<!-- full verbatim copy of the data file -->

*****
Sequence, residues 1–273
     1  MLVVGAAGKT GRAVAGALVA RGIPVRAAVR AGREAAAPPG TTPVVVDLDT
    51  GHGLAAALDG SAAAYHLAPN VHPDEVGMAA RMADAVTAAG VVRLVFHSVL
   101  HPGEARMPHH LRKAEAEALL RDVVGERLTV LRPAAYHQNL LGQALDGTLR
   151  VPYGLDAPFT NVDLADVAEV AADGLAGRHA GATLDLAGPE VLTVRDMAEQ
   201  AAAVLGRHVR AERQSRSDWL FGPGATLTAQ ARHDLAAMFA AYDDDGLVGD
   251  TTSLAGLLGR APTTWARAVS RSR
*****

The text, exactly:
Sequence, residues 1–273
     1  MLVVGAAGKT GRAVAGALVA RGIPVRAAVR AGREAAAPPG TTPVVVDLDT
    51  GHGLAAALDG SAAAYHLAPN VHPDEVGMAA RMADAVTAAG VVRLVFHSVL
   101  HPGEARMPHH LRKAEAEALL RDVVGERLTV LRPAAYHQNL LGQALDGTLR
   151  VPYGLDAPFT NVDLADVAEV AADGLAGRHA GATLDLAGPE VLTVRDMAEQ
   201  AAAVLGRHVR AERQSRSDWL FGPGATLTAQ ARHDLAAMFA AYDDDGLVGD
   251  TTSLAGLLGR APTTWARAVS RSR